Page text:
And it’s not simply the news.  It’s everywhere.  Marketing often focuses on something that is a shortfall, in order to make the product a solution.  I remember one night watching late night TV and thinking by the end of the infomercial, that I might need a garden weeding machine.  It was to solve the problems of my back caused by doing it all by hand with a hoe in rocky soil.  Fortunately, just before placing the order I remembered that I didn’t have a back problem OR a garden.  Nor, was I planning to plant one any time soon.  On the other hand, I do have rocky soil, so I am still vulnerable.

Yes it’s Sunday, and that means I have more time to wander through this post.  But in attempting to pull it all together now, let me get to the main point.  If you want to feel good, you have to surround yourself with positive, hopeful, optimistic people, places and things.  If you instead, surround yourself with negative, hurtful or critical people, it’s really hard to feel anything different than what you are taking in.  And you have to be thoughtful about what you are taking in.  Even well meaning, trusted people in your life can sometimes be the source of saying the not so helpful thing.  They might be uninformed, or having a bad day of their own.

Listening to yourself is the key.  Listening to your own voice as a louder tone than the ones you hear with your ears.   And that reminds me of the movie “The Help”.  Remember the mantra that Aibelene repeated throughout the book/movie to the little girl Mae Mobley?

You is smart, you is kind, you is important.

She wanted the little girl to know that at her very core in case anyone (most likely her mother) ever said or behaved in ways that suggested otherwise.  Aibelene wanted Mae Mobley to have that message as her very core and as the voice she would rely upon.  I hope it worked.

If you know that is your core and you live with that type of awareness, then you also have permission to let go of people, places, things, and sometimes just words that don’t fit your model.  You can acknowledge, just like Bode Miller did “it wasn’t her fault”.  He obviously knew that Cooper’s poor choice in interview strategy, was in fact just that”.  He elaborated that it was an emotional time and that the emotions were his.  He didn’t give her the credit for “destroying him” or even bringing him to his knees.  He held his head high and made the drama as less dramatic as he possibly could given the circumstances, rather than adding fuel to the fire.  And for that alone-  I think he deserved the gold!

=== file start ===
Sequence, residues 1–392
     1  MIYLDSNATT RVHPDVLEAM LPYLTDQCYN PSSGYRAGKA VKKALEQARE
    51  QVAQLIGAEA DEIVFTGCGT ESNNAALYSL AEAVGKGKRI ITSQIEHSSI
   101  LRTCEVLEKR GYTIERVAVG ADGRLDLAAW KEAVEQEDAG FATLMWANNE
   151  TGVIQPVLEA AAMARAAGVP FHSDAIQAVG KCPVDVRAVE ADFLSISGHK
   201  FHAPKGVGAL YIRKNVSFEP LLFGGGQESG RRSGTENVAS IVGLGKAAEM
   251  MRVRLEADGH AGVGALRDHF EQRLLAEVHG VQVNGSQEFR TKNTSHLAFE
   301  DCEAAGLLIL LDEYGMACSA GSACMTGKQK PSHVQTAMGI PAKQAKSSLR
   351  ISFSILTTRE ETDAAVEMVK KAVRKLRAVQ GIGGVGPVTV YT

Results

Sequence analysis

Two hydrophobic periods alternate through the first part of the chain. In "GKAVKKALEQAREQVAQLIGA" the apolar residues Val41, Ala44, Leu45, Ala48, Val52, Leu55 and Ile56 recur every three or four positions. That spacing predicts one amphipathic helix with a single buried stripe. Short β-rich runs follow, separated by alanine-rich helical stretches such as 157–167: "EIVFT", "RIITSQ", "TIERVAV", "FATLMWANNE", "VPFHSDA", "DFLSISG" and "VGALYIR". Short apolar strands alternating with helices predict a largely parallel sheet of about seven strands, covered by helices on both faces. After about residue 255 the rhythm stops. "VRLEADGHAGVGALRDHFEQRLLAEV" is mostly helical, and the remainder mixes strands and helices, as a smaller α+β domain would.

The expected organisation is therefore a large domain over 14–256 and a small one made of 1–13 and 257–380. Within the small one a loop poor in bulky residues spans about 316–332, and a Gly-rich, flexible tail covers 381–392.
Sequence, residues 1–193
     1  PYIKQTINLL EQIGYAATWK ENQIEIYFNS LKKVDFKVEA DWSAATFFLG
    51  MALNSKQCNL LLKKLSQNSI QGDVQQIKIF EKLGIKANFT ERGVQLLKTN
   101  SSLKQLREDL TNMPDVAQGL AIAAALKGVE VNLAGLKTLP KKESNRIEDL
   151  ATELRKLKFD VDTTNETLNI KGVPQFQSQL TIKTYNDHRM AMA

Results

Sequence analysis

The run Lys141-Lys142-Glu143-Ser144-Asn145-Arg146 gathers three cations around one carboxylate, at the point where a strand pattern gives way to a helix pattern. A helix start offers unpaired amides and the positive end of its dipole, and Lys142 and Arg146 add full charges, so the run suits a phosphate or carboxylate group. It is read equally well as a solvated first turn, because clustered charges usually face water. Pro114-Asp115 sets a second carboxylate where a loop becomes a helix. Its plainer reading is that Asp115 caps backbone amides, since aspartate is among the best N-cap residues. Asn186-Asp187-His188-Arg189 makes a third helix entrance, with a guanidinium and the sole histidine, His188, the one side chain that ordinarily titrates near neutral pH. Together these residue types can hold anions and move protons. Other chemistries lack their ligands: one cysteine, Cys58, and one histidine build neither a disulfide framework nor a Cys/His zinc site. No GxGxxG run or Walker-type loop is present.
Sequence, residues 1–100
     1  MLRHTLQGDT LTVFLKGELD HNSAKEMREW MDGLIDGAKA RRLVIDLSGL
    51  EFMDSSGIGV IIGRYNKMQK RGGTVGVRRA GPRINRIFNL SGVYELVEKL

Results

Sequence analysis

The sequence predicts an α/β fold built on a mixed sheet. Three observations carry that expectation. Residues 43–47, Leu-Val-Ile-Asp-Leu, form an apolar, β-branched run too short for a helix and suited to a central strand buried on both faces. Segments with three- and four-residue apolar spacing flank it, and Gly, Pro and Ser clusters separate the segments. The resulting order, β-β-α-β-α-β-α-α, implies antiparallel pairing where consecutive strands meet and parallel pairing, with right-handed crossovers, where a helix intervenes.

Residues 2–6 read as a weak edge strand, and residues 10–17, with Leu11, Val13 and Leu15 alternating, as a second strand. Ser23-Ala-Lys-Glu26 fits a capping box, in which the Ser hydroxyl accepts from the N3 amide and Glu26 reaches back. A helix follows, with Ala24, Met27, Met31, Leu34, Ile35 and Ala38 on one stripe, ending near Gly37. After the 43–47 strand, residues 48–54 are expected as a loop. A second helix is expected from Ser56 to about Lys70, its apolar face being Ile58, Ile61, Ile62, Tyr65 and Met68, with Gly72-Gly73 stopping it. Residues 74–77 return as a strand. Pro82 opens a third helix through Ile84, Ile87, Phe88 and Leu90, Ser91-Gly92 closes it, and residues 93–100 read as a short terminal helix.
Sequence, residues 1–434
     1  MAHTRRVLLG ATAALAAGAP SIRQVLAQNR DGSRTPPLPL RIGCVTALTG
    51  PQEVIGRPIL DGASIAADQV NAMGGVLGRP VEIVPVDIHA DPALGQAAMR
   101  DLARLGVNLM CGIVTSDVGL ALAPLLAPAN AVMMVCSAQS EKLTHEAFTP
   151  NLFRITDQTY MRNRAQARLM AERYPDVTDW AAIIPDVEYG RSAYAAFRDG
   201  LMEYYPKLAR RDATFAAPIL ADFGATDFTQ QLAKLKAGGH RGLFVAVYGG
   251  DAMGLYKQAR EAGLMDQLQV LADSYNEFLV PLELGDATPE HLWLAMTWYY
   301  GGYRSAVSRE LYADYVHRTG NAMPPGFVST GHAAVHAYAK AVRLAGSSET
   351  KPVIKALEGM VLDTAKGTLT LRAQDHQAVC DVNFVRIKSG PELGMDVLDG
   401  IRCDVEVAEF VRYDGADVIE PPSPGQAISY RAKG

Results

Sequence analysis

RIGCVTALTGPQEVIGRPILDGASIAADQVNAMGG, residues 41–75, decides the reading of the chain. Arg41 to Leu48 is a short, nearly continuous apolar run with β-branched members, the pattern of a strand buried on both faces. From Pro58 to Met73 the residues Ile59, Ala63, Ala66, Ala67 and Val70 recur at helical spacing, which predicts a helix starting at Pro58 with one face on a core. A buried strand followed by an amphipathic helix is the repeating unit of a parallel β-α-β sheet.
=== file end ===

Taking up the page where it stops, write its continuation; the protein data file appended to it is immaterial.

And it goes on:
iphone apps

Today i’d like to suggest two apps for iPhone/ipad I suspect they are available in android as well.

The first one is  IthoughtsHD.  This is a great little tool that I use on my Ipad-  It is super for someone who has a big project and the thoughts feel very scattered.  It is a mind mapping tool.  The way to use it is to start on one section  and then let it take shape like a spider web linking everything together.  It makes sense once you start to use it.

The other really cool part about this app is that you can email parts of it to yourself and it comes out like a “to do” list in bullet point format.

mindmap

 

 

 

 

The second app is great for budgeting.  With the popularity of Dave Ramsey and Financial Peace University, many people are back to using the tried and true “envelope” system for budgeting.  Only this is the updated- at your fingertips on your phone version.  I personally use this to keep track of certain areas that I want to be mindful of my spending…. like my crafting budget 😉

envelope

 

 

 

 

Hope you find these helpful!

Eclectic of Chaotic?

peyote orderAs many of you know I am a self-proclaimed craft-a-holic.  Last week I took a beading class to learn something called freeform peyote.  And no, this is not a drug fest.

I taught myself how to do regular peyote awhile back.  It is a very uniform, neat little stitch and it looks like this:

One of the things I like most about beading is trying new things and stretching my abilities and so I decided to try something called freeform.  This is where you mix up the beads a bit both in color and texture by adding different size beads.  And it means you can also mix in different kinds of stitches as well.

Only when I tried it, it looked like this:

While interesting, It’s kind of gnarly and twisty and won’t lay flat if it is made into a bracelet.

chaotic

So, after a few tries and having to sort out a zillion tiny little beads each time I ripped it out and started over, I decided to get some “education” from the pros.

After a couple of hours, here is my practice piece:

peyote flatNotice how the sections lay flat.  And even though there is diversity in bead size and color, there is still a more uniform look within.  It makes sense.

 

Now what on earth does this have to do with therapy you might ask?

Well, remember, my mind works in metaphor.  And as  I was learning the technique from the instructor, I started to recall my first theory class when I got my masters.  Alongside my classmates, I was exposed to a number of theories.  Many sounded interesting and there were useful takeaways in each one.  By the end of the semester many of us where calling ourselves “eclectic”.  And as one professor said ” a little of this, and a little of that”.  At that stage of professional development, eclectic really meant we did not fully understand any one theory.  We just liked the aesthetic or superficial level and ran with it.  I suspect it looked a lot my chaotic bead example above.  It probably looked good in a few spots, but when you put it all together and try to wear it, it just won’t do what it is supposed to.